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VS Code will attempt to match symbols based on those letters. Usually a good place to start are the capitalized letters in the name. Select DbContextOptions and make it generic on the context, QuandaDbContext. Name this options and then pass it to the base class. This is all that EF Core requires of the constructor.

To tell the database context about the model classes, you'll add a property for each one. The type of the property will be DbSet and is generic on the model class. The entire class should look like this

using Microsoft.EntityFrameworkCore;

namespace Quanda.Models
{
    public class QuandaDbContext: DbContext
    {
        public QuandaDbContext(DbContextOptions<QuandaDbContext> options)
            : base(options)
        {

        }

        public DbSet<Question> Questions { get; set; }
    }
}

The last step in the code is to tell the app about the database context. This is done in the Startup.cs file. This file configures the app when it is launched. Find the ConfigureServices method and add the following line before the call to AddRazorPages.

services.AddDbContext<QuandaDbContext>(
    options => options.UseSqlite(Configuration.GetConnectionString("Quanda")));

You'll need to add using statements for QuandaDbContext and UseSqlite with Ctrl-.. This line registers the database context class with Quanda tells it how to connect to the database. For development purposes, the file-based local SQLite database will suffice. There are a few hoops you'll have to jump through because of the limitations of SQLite, but it's a tradeoff that is warranted compared to the complexities of managing a database server during development.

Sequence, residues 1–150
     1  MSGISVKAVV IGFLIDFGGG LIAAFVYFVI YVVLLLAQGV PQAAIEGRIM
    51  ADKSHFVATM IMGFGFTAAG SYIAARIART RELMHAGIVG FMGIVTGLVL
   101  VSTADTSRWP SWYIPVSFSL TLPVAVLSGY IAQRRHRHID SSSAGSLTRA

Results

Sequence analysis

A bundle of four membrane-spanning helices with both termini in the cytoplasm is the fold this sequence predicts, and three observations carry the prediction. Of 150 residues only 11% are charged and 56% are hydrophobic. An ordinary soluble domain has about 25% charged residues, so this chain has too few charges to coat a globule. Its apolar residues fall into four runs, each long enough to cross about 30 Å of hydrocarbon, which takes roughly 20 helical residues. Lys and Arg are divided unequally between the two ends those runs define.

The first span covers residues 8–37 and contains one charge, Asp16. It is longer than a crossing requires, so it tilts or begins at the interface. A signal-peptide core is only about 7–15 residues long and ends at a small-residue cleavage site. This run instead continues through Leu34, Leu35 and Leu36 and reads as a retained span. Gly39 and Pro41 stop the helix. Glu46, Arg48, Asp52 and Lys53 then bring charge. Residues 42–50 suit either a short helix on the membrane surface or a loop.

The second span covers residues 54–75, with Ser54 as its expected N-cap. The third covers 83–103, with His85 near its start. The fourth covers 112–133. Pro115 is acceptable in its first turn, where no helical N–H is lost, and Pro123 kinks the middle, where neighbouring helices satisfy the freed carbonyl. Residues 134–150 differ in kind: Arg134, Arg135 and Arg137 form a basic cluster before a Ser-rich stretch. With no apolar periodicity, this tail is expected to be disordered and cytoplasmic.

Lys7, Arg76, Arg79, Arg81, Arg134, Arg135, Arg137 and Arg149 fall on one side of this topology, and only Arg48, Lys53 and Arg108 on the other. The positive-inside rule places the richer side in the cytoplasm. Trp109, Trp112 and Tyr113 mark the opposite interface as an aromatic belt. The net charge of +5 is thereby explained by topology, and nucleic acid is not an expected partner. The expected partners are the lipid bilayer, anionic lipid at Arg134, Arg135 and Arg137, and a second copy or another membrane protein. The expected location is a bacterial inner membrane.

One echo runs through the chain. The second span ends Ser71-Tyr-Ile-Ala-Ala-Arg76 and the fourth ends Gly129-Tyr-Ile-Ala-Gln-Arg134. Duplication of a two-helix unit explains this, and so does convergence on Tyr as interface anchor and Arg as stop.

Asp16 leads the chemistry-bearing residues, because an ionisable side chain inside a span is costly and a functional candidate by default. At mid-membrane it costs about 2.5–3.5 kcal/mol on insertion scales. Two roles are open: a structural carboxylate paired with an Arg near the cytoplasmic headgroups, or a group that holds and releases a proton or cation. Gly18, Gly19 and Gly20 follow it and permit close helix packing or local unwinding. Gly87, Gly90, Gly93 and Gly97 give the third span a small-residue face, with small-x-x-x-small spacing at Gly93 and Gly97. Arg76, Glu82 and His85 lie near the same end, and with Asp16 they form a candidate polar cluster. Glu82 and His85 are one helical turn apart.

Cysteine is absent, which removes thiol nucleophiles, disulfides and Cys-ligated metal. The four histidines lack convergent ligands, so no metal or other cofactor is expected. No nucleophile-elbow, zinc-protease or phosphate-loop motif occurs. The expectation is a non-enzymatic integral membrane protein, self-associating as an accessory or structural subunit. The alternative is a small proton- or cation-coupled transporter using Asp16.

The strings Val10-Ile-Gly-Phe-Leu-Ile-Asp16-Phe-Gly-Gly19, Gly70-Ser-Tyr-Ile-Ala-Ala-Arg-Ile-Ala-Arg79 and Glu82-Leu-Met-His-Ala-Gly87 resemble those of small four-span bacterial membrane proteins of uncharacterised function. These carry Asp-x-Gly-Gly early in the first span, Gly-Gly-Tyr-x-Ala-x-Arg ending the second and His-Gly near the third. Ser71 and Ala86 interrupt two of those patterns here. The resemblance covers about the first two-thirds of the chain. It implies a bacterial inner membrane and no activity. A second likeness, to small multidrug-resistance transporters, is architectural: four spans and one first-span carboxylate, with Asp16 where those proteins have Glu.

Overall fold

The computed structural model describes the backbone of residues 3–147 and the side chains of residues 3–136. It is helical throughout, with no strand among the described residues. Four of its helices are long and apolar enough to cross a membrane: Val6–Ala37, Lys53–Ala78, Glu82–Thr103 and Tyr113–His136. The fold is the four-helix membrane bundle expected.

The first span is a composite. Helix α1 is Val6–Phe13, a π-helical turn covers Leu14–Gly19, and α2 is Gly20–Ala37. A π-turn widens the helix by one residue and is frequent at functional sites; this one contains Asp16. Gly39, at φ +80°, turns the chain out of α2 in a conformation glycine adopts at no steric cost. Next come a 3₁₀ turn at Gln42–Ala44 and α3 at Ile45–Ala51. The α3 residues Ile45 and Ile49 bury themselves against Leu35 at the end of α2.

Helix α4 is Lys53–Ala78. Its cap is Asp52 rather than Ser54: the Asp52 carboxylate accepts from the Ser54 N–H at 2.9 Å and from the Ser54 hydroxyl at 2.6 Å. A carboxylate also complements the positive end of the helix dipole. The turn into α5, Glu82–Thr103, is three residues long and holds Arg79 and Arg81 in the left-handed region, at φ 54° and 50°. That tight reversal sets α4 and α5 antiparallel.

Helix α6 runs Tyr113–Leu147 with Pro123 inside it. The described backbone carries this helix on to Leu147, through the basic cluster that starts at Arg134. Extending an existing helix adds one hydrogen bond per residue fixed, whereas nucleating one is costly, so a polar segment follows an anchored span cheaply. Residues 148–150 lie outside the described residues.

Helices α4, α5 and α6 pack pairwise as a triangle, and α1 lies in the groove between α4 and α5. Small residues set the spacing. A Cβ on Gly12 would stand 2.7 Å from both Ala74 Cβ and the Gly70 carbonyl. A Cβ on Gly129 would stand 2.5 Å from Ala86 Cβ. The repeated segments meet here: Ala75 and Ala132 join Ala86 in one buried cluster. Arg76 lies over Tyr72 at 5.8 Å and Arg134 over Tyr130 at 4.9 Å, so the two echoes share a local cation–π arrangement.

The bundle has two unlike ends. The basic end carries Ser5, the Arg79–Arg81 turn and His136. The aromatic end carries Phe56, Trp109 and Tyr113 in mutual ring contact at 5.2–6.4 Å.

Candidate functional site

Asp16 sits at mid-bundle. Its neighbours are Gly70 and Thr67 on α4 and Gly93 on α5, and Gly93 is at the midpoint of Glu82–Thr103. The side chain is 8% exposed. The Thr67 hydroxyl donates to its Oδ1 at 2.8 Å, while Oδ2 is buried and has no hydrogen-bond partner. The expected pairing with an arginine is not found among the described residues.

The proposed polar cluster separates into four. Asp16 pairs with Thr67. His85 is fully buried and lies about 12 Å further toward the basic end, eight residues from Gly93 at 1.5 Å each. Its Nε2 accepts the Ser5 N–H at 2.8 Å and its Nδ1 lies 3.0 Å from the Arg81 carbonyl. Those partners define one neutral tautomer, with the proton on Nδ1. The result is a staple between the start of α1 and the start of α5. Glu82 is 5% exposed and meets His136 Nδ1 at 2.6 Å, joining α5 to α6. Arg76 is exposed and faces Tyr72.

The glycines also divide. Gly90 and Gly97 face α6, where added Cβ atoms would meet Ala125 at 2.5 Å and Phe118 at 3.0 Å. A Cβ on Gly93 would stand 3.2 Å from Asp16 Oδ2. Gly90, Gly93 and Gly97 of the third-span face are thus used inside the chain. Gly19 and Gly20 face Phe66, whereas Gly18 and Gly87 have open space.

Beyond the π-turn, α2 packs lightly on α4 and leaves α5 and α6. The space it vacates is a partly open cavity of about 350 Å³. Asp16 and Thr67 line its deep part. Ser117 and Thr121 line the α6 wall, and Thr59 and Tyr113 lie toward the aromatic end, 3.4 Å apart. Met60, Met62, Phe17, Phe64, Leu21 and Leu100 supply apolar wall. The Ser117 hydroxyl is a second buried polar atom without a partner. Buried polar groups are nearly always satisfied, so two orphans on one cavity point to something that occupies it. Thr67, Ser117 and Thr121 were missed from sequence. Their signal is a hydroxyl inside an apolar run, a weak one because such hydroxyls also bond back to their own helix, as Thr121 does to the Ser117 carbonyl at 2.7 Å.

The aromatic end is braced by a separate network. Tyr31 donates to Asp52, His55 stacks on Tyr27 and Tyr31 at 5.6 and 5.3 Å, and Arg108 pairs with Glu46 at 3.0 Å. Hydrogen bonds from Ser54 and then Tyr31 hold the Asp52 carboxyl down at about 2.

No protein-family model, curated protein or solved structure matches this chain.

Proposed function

One last thing is to add the connection string for the database to the appsettings.json file. This file contains values and metadata that you don't want to place in the code, such as connection strings. Open the file and add a new key called ConnectionStrings (make sure it is plural). The value will be a JSON object and a key / value pair for each string.

{
  // omitted ...
  "ConnectionStrings": {
    "Quanda": "Data Source = quanda.db"
  }
}

For SQLite, the connection string is just a path to the database file, relative to the appsettings.json file.

Migrations

To manage the actual database (the SQLite file) you'll use migrations. A migration is essentially the instructions for restoring the the state of a database at specified points. Every time you make a change to the structure of the data model, you create a migration to generate C# code that will modify the database to bring it in sync with the model. So you will have a series of migrations and each assumes the previous has been applied. The initial migration will also create the database as it does not yet exist. To create a migration use the dotnet ef command.